"This 1997 Irish/Swedish cinematic interpretation of the Frankenstein tragedy is more faithful to Mary Shelley's original novel than any version filmed before or since, including the overblown 1994 Kenneth Branagh production that purports its faithfulness by using the name of the novel's author in its full title. While TERROR OF FRANKENSTEIN (a.k.a. VICTOR FRANKENSTEIN) is obviously a low-budget un-Hollywood film and does not, therefore, have the same slick-and-shiny production quality of the better-known 1931 James Whale film or the aforementioned Branagh version, the well-written, faithful screenplay and the superb talents of actors and director make it, in many ways, superior to all others.Those familiar with Shelley's novel already know that it is an allegory that plays on many levels. On the surface, Dr. Frankenstein's blind obsession with learning to create life and the consequences of his success can be viewed as a cautionary tale, warning the self-important intellectual of the dangers of presuming upon the realm of God. On a deeper level, Frankenstein's rejection of his creation and the creature's consequent reaction is allegorical to the contention that often exists between father and son, especially when the father disapproves of the son's ideals or lifestyle. Deeper still, the creature's attempt to reconcile with his creator--at least to some degree--reflects the Biblical story of Mankind's original fall from grace and subsequent attempts to regain favor with God. In at least one of the introductions that she herself wrote for various printings of FRANKENSTEIN, Shelley suggests that all these themes are, to some extent, woven into the narrative of the novel. And unlike many other filmic interpretations, all three of these concepts are also at work on some level in TERROR OF FRANKENSTEIN, making it an accurate thematic reflection of the original work.TERROR OF FRANKENSTEIN also reflects the novel's depiction of the creature as an intelligent and articulate being, which is very unlike the usual dumb, lumbering brute that most other filmic interpretations offer up. Not that the monster isn't ugly, because he is certainly that--a gruesome, rheumy, jaundiced-looking giant, much like Shelley described. But rather than simply a fright-inducing Hollywood gimmick, his ugliness symbolizes the chasm between a father and son or, in a Biblical sense, the Sin that caused God to oust Mankind from the Garden of Eden. (Though this combination of intelligence and physical ugliness was also a characteristic of Branagh's 1994 film, the make-up in TERROR OF FRANKENSTEIN is much less flashy and pretentious. The creature's appearance serves the story, not the other way around.)This film is a must-see for fans of the Frankenstein mythos, especially those devoted to the original novel. But the general filmgoing audience should also enjoy it, as the acting is fantastic (and in non-dubbed English, by the way) and the directing superb.The DVD from Wellspring Media is basically a no-frills disc, the only extras being trailers. It offers the film in its original aspect ratio of 1.33:1, and though the film does look like it has been digitally cleaned up--i.e., there are few (but some) scratches or dust artifacts--it has not been "restored." The color is sometimes off (e.g., there are times when the snow looks yellowish instead of white), and the shadows are generally not a deep, crisp black. However, the price is reasonable and the disc is still quite viewable, and being that this is a lesser-known foreign film, this is likely the best that will ever be offered.Condensed review: Five-star movie, faithful to its source material; three-star DVD quality."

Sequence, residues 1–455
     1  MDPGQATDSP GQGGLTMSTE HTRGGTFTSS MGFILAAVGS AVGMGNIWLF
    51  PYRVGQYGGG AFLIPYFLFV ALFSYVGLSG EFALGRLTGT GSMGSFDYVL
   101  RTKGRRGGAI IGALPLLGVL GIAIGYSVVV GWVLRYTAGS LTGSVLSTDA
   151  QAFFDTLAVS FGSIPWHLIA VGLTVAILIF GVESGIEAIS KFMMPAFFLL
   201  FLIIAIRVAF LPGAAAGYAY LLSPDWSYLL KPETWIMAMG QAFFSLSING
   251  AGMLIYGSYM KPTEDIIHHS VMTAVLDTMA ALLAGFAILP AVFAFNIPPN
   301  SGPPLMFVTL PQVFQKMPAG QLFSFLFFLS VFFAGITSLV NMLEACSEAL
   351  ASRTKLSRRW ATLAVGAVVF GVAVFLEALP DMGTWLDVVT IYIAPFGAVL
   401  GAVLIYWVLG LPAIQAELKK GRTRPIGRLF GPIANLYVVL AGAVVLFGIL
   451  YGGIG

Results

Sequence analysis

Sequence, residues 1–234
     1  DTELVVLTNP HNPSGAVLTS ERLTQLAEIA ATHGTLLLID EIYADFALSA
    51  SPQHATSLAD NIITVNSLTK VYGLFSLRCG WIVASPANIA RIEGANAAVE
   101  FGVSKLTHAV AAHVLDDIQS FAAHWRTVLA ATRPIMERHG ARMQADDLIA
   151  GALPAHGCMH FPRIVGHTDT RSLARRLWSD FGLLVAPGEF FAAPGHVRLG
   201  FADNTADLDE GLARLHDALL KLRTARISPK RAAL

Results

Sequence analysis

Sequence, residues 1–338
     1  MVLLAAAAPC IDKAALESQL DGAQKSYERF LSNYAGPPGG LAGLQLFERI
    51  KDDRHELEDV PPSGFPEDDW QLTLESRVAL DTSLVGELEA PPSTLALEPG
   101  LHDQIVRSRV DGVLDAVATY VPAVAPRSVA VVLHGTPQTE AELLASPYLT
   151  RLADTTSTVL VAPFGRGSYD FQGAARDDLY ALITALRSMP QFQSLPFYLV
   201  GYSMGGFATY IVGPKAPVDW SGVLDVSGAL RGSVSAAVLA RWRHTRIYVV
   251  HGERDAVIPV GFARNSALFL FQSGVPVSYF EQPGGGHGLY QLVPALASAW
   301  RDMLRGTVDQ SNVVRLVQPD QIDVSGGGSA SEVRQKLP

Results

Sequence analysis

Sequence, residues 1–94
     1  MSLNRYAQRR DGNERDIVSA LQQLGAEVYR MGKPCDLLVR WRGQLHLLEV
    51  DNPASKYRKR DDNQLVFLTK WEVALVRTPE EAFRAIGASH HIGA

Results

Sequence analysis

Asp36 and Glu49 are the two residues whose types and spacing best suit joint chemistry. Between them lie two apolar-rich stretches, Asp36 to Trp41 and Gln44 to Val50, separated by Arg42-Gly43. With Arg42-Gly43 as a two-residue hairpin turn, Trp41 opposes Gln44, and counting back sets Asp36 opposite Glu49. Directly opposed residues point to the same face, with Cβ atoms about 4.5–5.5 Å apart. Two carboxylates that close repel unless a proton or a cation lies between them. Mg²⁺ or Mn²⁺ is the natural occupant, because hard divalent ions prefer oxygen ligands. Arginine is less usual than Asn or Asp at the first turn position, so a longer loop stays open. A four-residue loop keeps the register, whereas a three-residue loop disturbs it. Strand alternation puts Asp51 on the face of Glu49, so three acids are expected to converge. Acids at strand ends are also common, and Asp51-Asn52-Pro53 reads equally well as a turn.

The best of all frankensteins
Michael R Gates | 05/02/2000